As PhD or master’s students we all have some good days and some days where we lack motivation or feel like we’re maybe not being a good enough student. That’s normal and comes as part of the package deal, gratis with the fact that you can control your own timetable and are responsible for your own progress. An extra half an hour lie in? Sure, I probably need it. Put the extra load of laundry on instead of writing that abstract? Sure, why not – the laundry has to be done at some point, anyway. Yet, on other days you couldn’t be more ‘studenty’ if you tried and you totally boss it.
So now, as I’m coming to the end of my postgrad adventure at SAS (3 years and 94,000 words later), I think it is a fitting time to reflect on those most productive days. These are the clearest in my mind, and really gave me the buzz of being a postgraduate student. Actually, on these days I was rather proud of myself and, considering the fact that the majority of us find ourselves, at some point or other, anxiously gathered underneath this infamous cloud that is ‘imposter syndrome’, this sense of accomplishment is quite a feat!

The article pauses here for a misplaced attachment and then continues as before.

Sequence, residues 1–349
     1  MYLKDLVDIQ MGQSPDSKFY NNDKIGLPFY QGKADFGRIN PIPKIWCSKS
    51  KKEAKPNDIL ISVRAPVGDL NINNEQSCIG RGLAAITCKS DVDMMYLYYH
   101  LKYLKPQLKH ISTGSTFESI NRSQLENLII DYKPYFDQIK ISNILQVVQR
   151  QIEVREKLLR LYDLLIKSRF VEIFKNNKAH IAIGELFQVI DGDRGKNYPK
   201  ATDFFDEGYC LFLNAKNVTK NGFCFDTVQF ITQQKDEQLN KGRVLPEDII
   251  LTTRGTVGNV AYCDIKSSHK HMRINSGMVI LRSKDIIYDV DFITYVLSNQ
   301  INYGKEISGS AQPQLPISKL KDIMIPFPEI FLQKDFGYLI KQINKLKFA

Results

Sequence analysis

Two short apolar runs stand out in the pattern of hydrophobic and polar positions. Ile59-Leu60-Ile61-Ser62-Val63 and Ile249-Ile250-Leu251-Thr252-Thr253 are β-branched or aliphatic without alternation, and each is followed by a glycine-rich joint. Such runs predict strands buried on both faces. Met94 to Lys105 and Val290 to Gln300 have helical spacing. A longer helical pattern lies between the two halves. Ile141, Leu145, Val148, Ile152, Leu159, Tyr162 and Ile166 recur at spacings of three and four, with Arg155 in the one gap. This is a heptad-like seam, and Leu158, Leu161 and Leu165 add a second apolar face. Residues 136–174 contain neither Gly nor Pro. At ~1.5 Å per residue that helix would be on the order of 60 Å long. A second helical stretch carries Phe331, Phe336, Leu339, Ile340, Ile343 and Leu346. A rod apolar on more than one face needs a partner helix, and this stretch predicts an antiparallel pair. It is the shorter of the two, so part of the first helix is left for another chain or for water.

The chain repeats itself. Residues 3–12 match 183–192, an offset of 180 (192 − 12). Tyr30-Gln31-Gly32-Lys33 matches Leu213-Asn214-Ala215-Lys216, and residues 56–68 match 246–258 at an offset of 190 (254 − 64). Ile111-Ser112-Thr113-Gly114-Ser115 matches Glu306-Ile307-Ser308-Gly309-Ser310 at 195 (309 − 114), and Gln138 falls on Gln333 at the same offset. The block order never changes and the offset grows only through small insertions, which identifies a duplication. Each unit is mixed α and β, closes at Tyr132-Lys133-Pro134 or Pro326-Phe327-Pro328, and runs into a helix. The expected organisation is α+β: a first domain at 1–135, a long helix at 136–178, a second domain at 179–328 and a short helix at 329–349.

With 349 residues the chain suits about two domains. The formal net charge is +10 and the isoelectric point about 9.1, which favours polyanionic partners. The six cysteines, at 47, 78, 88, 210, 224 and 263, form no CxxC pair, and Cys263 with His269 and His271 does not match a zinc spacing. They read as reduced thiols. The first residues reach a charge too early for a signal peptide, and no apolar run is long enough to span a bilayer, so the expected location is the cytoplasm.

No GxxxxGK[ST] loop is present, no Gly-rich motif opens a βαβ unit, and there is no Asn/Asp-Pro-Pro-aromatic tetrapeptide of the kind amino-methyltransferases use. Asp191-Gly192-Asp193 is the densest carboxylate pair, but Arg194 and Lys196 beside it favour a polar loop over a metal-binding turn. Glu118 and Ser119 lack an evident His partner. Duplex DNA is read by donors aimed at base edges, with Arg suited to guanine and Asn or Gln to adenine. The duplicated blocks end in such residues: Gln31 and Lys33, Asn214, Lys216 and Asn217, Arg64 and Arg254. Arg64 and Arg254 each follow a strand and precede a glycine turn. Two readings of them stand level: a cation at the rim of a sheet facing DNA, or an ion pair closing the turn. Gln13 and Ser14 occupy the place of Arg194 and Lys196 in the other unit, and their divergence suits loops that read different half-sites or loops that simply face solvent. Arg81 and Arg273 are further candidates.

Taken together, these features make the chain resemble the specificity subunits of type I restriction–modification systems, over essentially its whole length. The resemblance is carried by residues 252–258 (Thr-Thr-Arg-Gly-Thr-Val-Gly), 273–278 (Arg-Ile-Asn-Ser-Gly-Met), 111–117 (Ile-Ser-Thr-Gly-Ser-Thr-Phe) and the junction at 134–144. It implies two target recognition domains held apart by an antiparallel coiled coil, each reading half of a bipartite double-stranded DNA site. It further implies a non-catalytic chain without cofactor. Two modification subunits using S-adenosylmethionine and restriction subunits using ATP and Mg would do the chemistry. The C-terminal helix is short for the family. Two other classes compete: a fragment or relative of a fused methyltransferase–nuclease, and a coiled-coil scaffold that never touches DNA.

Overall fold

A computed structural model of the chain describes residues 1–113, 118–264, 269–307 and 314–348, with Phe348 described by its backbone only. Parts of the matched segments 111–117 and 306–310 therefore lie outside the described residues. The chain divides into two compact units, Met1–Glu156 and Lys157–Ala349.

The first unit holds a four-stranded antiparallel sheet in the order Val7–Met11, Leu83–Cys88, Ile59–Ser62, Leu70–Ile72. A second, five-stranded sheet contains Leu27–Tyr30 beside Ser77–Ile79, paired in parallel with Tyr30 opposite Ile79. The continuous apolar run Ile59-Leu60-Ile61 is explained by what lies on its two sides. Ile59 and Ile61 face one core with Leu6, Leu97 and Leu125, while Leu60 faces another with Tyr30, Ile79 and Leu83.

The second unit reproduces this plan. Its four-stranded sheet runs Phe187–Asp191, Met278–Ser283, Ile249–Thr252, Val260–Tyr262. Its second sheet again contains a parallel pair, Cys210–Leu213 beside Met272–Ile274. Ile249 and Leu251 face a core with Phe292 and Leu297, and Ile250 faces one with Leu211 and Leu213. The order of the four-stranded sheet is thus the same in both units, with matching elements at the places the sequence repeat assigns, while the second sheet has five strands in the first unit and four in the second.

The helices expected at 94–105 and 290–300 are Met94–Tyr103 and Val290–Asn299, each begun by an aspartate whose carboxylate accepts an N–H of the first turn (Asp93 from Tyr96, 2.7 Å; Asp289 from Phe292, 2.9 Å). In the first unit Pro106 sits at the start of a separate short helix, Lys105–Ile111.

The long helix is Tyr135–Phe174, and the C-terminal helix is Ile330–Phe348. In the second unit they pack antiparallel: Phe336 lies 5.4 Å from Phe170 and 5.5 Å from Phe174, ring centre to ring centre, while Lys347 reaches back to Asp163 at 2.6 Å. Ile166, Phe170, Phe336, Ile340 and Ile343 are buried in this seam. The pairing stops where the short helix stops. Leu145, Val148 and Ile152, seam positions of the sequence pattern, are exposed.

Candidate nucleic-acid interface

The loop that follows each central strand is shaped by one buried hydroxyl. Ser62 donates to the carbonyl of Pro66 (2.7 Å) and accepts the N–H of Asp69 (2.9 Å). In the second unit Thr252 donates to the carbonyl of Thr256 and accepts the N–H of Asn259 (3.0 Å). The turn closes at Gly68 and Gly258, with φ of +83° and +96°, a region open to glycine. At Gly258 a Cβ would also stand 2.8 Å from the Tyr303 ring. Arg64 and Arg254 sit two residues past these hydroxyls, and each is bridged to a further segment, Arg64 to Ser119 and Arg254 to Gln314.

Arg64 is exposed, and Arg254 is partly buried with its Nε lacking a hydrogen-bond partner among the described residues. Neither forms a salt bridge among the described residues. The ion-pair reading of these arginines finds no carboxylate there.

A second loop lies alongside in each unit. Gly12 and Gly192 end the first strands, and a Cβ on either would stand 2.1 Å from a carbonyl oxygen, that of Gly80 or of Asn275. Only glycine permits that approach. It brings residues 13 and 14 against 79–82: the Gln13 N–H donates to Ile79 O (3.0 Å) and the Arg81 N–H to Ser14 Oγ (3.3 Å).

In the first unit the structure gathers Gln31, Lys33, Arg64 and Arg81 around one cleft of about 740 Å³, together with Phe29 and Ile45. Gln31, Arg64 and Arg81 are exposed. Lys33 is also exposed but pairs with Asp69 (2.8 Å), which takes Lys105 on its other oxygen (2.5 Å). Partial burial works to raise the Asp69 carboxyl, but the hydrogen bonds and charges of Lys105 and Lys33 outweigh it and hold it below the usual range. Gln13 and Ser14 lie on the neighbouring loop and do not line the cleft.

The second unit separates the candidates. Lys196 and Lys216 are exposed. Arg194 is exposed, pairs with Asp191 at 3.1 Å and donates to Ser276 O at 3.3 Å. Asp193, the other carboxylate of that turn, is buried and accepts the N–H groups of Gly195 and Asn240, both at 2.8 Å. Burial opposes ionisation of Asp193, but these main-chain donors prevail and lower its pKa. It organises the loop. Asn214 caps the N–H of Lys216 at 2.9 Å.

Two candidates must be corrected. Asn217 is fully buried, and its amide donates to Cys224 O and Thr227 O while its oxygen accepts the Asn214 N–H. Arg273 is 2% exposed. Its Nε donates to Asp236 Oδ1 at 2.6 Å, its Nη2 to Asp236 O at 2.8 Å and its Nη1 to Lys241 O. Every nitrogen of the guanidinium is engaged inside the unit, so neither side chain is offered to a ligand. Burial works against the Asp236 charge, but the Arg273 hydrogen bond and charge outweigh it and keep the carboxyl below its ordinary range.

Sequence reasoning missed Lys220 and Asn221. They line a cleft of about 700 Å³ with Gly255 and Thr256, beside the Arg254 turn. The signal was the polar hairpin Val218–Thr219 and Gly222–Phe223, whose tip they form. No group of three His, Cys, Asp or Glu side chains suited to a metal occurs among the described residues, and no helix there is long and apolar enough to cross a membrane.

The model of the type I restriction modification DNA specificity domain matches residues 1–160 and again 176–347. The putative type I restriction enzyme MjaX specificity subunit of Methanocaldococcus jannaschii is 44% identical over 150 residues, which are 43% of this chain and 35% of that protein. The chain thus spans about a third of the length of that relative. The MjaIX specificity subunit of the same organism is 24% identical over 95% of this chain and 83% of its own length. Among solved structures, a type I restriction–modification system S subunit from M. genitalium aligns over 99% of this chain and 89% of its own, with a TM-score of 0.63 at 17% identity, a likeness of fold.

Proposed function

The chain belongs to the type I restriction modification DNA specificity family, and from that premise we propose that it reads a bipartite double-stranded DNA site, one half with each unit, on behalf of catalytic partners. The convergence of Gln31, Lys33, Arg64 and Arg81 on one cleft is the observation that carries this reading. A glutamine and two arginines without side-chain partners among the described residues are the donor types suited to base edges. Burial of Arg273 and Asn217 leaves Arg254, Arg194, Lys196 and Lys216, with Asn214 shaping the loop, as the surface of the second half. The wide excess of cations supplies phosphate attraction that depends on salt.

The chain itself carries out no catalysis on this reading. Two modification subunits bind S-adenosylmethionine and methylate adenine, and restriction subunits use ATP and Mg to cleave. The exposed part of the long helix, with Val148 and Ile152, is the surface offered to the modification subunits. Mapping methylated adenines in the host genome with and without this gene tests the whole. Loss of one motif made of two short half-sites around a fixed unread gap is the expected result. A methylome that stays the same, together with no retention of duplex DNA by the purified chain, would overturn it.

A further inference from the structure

Let me paint the picture.
8:00: You wake up, put the kettle on, check emails, and have a read through a few articles you downloaded from JSTOR late last night.
9:45: You’re showered and fuelled for the morning thanks to some peanut butter on toast (with a bit of banana to ease the conscience). You grab your laptop, books, earphones, snacks (fruit and a cheeky choccy bar), and you head out the door.